With the growing poularity of side-x-sides and the versatility of a sport utility ATV, the pure sport market just isn’t as red-hot as it used to be.
These ATVs are still a ton of fun though and if you’re not a racer or not interested in throwing down full pop for the latest and greatest, here’s a look at three late models that you might come across if you’re in the market for used iron.
2009 Yamaha YFZ450R
EFI was added to Yamaha’s 450R mill in 2009, which was a warmly welcomed update. We’re big fans of EFI and all the benefits that come along with it.
When riding the YFZ in first gear though, its EFI seems to stumble a little and feels like it’s starving for fuel. However, as soon as you rev it up and dump the clutch, everything changes.
The YFZ hits hard down low and propels you forward blindingly fast, spinning the tires like dynamos while trying to grip earth. The tires are oversized compared to the others in this class and model year and don’t leave a particularly good impression. A more aggressive tread pattern and stiffer sidewall would be better for racing so you might need a different set of tires to be competitive.
Mid range on the YFZ is where things really start to gleam. The EFI system seems to be happiest in third gear where it makes buttery smooth power at any throttle position. The shift to fourth doesn’t cause the motor to stumble or feel sluggish and as long as you keep on the throttle, it continues strong through fifth.
While we typically only use third or fourth gear on the track, we were impressed with the quality of the power produced in these gears; no stumbling or fat fuel blubbering and as far as power goes, we never found ourselves looking for more.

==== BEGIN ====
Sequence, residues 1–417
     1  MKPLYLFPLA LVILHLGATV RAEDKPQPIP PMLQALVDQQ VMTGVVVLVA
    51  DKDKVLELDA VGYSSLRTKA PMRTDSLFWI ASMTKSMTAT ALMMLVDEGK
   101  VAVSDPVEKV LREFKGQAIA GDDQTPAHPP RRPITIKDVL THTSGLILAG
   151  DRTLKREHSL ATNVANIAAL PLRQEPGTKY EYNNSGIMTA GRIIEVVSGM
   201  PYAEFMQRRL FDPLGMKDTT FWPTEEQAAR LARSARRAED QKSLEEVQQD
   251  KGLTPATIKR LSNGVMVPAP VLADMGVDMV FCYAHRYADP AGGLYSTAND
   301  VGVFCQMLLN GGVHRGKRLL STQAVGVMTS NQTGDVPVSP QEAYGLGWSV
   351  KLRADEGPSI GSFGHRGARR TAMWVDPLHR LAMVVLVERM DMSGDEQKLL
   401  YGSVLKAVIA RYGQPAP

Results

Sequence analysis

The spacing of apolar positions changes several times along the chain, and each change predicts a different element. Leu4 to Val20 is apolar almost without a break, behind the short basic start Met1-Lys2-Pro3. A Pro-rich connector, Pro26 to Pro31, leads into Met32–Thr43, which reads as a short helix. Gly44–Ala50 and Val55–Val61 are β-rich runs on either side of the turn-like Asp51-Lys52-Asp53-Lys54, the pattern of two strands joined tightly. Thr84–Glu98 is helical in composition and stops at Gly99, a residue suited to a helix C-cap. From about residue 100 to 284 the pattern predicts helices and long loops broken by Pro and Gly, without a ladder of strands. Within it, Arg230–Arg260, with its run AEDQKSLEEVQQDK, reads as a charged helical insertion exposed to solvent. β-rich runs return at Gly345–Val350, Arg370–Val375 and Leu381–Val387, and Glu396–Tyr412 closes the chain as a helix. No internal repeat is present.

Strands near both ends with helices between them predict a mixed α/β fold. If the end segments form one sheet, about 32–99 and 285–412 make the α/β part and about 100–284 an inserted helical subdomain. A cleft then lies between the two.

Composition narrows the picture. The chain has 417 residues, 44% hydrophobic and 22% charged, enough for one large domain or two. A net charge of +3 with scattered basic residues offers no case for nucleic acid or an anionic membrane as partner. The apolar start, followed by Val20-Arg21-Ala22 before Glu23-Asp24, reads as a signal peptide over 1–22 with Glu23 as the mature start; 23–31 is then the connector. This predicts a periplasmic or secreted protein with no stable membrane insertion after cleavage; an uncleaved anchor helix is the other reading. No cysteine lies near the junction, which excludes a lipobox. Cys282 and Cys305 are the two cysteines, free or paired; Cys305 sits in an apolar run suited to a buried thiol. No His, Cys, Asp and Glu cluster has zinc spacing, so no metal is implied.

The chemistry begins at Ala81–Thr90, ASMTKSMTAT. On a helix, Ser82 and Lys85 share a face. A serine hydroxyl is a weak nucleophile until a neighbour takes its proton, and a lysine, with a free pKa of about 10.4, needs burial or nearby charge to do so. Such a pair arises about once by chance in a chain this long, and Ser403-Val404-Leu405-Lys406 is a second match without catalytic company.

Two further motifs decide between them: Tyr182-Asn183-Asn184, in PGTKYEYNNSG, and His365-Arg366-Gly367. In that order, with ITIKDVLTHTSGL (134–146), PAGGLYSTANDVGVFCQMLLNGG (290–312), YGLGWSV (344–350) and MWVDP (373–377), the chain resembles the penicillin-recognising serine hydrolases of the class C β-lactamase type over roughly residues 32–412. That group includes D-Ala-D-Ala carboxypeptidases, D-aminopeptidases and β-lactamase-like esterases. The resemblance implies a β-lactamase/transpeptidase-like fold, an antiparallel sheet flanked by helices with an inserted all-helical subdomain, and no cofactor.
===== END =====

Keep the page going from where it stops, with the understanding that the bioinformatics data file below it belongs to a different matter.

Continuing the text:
The Yamaha’s seating position is very tall and gives you an attack style view of what’s ahead. The roomy foot pegs and long seat mean you can crowd the gas tank in a hard corner or slide way back when getting some air.
While the seated position is near perfect for taller riders, the standing position leaves you hunched over. A set of bar risers will fix this but it would be nice if the bars were a little taller.
Entering and apexing sharp berms is comfortable but a little squishy thanks to the bigger balloon-like tires on the YFZ. Not to sound like a broken record, but again a smaller set of race rubber would really help cut under and get through tight twisties with ease and truthfully, new rubber is probably one of the first things you’d buy after picking up a used ATV anyways.
Getting the YFZ airborne is easy and confidence inspiring. Once in the air, the slightest turn of the bars and pushing with your feet will tweak the pitch and move the YFZ around.
When re-entering the atmosphere crooked or when landing off-camber, inputs are smooth and don’t produce a pitchy feeling. While this all sounds good, it’s very likely that with a smaller set of stiffer race tires, the YFZ would feel more aggressive on tweaked landings.
The Yamaha features piggybacks with both high and low speed compression adjustability plus rebound clicker knobs offering the highest level of adjustability and performance. The rear end works great through the bumps.
High speed and low speed compression adjusters plus rebound clickers and a dual rate spring put these shocks right up there with the very best aftermarket stuff.
The 2009 Yamaha SE, although a refined piece of artillery, probably still fetches a good buck on the used market. That said though, Yamaha’s reputation for bulletproof reliability is legendary and since this is one of the few remaining pure sport ATVs still avaialbe new you’ll be able to find just about anything you’d want to add for aftermarket parts and accessories directly through Yamaha.
In our books, that’s justification enough for shelling out a little extra dough.